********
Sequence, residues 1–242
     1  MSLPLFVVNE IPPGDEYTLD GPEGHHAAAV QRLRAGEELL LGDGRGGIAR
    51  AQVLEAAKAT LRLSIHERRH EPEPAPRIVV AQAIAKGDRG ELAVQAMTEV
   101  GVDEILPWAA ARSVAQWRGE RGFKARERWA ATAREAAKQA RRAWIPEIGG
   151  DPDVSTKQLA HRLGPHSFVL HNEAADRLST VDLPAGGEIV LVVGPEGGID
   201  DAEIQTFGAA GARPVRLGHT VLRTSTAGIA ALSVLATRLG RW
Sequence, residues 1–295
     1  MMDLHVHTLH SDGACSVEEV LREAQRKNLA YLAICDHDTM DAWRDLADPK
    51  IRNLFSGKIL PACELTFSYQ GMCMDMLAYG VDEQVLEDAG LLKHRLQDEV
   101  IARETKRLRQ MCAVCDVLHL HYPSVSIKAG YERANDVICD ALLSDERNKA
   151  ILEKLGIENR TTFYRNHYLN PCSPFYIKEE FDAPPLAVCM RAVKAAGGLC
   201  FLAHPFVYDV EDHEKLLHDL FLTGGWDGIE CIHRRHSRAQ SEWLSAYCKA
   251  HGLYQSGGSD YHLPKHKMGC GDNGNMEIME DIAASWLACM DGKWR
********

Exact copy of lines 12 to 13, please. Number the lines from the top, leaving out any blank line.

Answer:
   201  FLAHPFVYDV EDHEKLLHDL FLTGGWDGIE CIHRRHSRAQ SEWLSAYCKA
   251  HGLYQSGGSD YHLPKHKMGC GDNGNMEIME DIAASWLACM DGKWR